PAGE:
Having secured £450m from government and investors, Rolls-Royce is moving ahead with its small modular reactor (SMR) venture, which forms part of the government’s 10-point plan for a green industrial revolution over the next decade. This new generation of nuclear reactors will be quicker and cheaper to roll out than their traditional large-scale counterparts.
Ahead of the Manufacturing Technology Centre‘s upcoming National Manufacturing Summit, James Devonshire sat down briefly with Alan Woods, Strategy and Business Development Director at Rolls-Royce Small Modular Reactors, who will be speaking at the event, to get a taste of what we can expect…
JD: For our readers who aren’t fully up to speed, what is Rolls-Royce’s SMR programme all about in a nutshell?
AW: We are bringing to market a low cost, low carbon secure and modular approach to new nuclear.
RR have been building nuclear reactors for submarines for 60 years, we are developing a civil reactor for electricity, hydrogen production, energy intensive users, synthetic aviation fuel – decarbonisation and electrification will lead to a huge demand for low carbon technologies and RR SMR’s are a perfect solution to that challenge
JD: You’ll be speaking at the MTC’s forthcoming National Manufactuering Summit. What can attendees expect to learn?
AW: We have recently launched our factory search, to identify a location for the first factory to enable the deployment of SMRs in the UK and for export.
Attendees will learn about our initial supply chain strategy and how we will target and improve upon 80% UK content
JD: What is RR SMR looking to get out of the event?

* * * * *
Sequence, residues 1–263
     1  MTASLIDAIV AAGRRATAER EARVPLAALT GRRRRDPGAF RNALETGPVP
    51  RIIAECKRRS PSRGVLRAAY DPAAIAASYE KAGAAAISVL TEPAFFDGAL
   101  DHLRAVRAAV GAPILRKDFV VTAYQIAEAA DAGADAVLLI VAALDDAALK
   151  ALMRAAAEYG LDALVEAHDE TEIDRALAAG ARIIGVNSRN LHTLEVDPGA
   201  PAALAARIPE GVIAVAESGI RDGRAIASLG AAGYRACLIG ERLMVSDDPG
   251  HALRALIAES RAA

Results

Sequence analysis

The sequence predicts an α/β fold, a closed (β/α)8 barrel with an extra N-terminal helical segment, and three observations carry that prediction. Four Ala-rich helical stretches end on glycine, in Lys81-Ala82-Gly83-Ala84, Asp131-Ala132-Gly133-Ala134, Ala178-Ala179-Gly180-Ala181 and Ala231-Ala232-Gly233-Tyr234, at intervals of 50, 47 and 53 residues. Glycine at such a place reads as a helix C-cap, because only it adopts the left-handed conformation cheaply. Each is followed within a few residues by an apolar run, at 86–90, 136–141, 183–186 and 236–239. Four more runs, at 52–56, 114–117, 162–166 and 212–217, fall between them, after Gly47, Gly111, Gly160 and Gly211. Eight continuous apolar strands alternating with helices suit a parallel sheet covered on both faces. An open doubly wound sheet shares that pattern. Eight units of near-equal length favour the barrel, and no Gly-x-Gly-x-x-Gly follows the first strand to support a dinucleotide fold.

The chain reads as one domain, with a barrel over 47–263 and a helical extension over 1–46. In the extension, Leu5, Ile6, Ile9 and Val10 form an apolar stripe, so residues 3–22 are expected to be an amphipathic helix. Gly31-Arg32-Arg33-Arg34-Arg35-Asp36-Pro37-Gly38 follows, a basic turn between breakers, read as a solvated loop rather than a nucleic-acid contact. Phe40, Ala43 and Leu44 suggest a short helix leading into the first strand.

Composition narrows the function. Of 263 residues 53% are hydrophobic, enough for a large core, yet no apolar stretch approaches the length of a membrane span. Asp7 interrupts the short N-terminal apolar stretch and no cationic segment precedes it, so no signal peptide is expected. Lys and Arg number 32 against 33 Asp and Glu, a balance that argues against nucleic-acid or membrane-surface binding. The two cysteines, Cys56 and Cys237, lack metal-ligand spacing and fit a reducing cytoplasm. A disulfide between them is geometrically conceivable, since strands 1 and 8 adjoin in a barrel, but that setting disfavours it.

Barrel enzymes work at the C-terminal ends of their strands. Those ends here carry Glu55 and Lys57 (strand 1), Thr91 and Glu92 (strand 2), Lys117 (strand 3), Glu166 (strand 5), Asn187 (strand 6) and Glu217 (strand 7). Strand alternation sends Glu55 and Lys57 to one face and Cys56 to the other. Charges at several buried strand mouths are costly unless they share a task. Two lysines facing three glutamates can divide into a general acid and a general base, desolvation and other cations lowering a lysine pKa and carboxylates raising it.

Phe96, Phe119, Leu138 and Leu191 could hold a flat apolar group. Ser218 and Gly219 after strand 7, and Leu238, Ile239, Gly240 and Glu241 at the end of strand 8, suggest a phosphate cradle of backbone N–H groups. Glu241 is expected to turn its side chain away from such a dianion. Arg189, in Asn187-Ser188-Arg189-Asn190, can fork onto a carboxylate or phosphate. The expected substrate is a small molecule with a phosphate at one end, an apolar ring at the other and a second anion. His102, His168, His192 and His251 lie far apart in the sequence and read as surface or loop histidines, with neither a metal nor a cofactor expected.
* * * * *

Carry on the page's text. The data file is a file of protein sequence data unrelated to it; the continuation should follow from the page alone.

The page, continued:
AW: We speak at a lot of nuclear conferences, in 2022 we want to speak to energy, manufacturing, STEM Skills conferences – to get to a wider audience.
JD: What’s next on the Rolls-Royce SMR roadmap? I know you’re shopping for potential sites to build factories. How’s that going?
AW: Identifying the site for the first factory will be a major milestone, it’s a significant and tangible step to deployment.
We are shortly to enter the Generic Design Assessment process run by the UK regulator – this means that the RR SMR will be the only European SMR in a regulatory programme – important that we deliver on this first mover advantage.
JD: In addition to producing cleaner energy, what else does the UK need to do to meet its ambitious net zero targets?
AW: Decarbonisation is a tremendous challenge. Lots of focus on hydrogen but people often fail to explain how they will produce green hydrogen – we see an opportunity to use SMRs for the production of low carbon hydrogen. With the significant boost in electrification, we need to deliver a major infrastructure shift that brings low carbon solutions to market at pace.
Alan concluded by saying there is tremendous government support for new nuclear, which is cross party. “This enables long term investment decisions to be taken and a really important factor in our future success,” he said.
Alan Woods is Strategy and Business Development Director at Rolls-Royce Small Modular Reactors
The National Manufacturing Summit will take place on February 8-9 at the Manufacturing Technology Centre in Coventry. Register now to secure your place: nmsummit.co.uk/book
*header image courtesy of Rolls-Royce SMR